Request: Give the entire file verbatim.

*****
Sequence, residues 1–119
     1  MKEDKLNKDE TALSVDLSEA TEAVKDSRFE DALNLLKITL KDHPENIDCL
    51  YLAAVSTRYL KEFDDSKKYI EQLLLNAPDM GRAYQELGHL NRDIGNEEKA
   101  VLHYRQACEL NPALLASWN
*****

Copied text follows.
Sequence, residues 1–119
     1  MKEDKLNKDE TALSVDLSEA TEAVKDSRFE DALNLLKITL KDHPENIDCL
    51  YLAAVSTRYL KEFDDSKKYI EQLLLNAPDM GRAYQELGHL NRDIGNEEKA
   101  VLHYRQACEL NPALLASWN